“Why did Jack score two goals and I didn’t score any?” “I’m terrible at soccer. I should just quit.” “Everyone else in my class knows how to do this math problem but me. I’m awful at it.” “You just don’t understand.”
And so it begins… I have a tween. With this new label comes a noticeable change in my once easy-going, happy, confident child. New emotions have set in as well as constant comparisons between my tween and classmates, teammates, and friends.
Miriam-Webster Dictionary defines a tween as a boy or girl who is 11 or 12 years old. The tween years serve as the transitional years between being a child and becoming a teenager.
With this transition comes uncertainty as to what defines the tween. This uncertainty manifests in various ways such as tears, angry outbursts, and more seriously, depression and anxiety.
Parents and caregivers are often caught off-guard as to how to help their tween navigate this stage of life. Following are some tips for helping parents and tweens not only survive these years, but to use them to strengthen relationships.
First, remember to validate and acknowledge the tween’s feelings. Give permission for your tween to be sad or angry.
This will assist the tween in feeling comfortable with sharing various emotions with adults. Additionally, this simple acknowledgement will help the tween trust the adult by knowing their feelings will not be laughed at or dismissed.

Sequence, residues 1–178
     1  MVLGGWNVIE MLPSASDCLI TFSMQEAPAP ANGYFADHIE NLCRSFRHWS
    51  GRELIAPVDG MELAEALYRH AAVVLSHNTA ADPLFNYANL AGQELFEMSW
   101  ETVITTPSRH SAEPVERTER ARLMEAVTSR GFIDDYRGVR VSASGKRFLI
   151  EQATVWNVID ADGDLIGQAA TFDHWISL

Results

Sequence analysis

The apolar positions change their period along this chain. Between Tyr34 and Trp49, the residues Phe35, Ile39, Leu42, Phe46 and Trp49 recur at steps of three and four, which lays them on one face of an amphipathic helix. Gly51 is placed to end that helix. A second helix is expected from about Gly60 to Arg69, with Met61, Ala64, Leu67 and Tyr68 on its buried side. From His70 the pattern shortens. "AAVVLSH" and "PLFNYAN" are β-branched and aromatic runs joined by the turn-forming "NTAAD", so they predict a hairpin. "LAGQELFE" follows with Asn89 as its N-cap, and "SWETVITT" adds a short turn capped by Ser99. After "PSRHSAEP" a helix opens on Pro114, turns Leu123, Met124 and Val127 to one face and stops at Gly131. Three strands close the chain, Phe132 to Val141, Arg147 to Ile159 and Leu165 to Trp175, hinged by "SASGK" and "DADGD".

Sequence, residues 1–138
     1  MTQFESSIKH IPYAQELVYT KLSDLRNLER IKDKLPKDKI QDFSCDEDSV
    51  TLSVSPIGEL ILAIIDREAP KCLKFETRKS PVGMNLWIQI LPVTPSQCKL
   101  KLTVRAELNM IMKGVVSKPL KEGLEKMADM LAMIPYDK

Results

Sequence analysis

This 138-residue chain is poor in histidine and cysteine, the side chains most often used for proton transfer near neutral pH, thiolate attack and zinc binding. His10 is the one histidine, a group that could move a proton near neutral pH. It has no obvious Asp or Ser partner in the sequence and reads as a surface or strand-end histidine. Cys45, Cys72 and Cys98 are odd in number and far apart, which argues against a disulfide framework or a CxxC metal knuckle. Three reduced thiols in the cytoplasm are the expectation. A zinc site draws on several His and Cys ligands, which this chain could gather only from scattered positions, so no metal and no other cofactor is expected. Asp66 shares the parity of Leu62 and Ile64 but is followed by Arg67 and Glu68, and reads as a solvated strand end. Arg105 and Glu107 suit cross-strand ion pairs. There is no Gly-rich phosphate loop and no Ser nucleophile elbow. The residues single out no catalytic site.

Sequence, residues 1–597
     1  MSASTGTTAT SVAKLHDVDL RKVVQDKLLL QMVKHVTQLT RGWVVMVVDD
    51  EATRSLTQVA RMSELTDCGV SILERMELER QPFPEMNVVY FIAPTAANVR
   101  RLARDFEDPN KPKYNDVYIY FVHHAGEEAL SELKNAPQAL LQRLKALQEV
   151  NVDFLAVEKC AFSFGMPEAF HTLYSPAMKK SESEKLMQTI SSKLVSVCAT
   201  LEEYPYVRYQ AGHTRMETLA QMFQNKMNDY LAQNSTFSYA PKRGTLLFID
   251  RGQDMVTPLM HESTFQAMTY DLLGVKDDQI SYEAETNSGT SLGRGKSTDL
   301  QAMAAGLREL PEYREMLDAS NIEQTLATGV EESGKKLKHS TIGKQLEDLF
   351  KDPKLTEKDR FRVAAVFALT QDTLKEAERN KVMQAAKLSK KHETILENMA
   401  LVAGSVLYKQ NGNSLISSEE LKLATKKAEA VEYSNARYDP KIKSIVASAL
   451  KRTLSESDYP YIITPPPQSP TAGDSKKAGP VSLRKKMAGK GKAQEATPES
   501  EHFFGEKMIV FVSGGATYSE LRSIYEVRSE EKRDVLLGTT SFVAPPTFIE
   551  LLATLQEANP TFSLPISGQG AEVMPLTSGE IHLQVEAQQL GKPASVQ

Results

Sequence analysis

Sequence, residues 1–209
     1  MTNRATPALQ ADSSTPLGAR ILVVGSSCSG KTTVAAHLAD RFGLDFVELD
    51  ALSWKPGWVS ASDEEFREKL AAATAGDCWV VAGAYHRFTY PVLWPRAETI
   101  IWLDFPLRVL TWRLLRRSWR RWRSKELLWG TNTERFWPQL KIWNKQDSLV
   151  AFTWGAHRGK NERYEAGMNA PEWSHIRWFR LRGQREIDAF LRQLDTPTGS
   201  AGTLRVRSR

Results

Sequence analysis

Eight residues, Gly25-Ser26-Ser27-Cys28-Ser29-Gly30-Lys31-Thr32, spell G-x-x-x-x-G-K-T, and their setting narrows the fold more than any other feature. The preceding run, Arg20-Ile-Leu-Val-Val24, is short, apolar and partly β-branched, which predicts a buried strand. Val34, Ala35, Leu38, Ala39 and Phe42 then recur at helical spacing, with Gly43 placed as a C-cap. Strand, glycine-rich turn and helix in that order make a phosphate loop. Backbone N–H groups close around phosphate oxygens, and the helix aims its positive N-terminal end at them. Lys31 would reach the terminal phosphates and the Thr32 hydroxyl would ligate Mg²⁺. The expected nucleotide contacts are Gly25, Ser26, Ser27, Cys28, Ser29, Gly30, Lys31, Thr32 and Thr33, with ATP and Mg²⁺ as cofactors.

During this stage, tweens are attempting to define themselves. Often this is done by ranking their abilities compared to others. No matter what the tween is comparing, he or she will always find someone who is better than them.
Adults can help by directing praise and compliments toward character traits rather than abilities or accomplishments. Praising a tween for getting a B in math will likely be followed by the response, “but so and so got an A.”
Focusing on the traits that resulted in the tween earning the B will assist the tween with recognizing the positive traits he or she possesses. In this situation, stating, “You showed a lot of patience when learning the new material in math. It would have been easy to give up, but you continually gave it your all,” will bring the focus to the traits of patience and perseverance rather than a letter grade, which serves as a ranking system.
The most important factor in helping your tween is to be available. According to World of Psychology, it is imperative to give your tween options to communicate their feelings to you. Allowing your child to choose whether to talk face-to-face, by text, or by calling you about emotions and situations will increase the likelihood of your tween coming to you with concerns and for support.
If you find that your tween is experiencing more serious emotional outbursts or is becoming increasingly withdrawn and isolated, additional assistance may be needed.
Contacting your school’s Youth First Social Worker with these concerns can result in early intervention. Early intervention by a professional is beneficial to help tweens learn coping skills before the emotions become too intense and overwhelming.
This column is contributed by Heather Miller, LCSW, school social worker for Youth First, Inc.
, a local nonprofit dedicated to strengthening youth and families. Youth First provides 39 Master’s level social workers to 57 schools in seven southwestern Indiana counties. Over 60,000 youth and families per year are served by Youth First’s school social work and afterschool programs that prevent substance abuse, promote healthy behaviors, and maximize student success.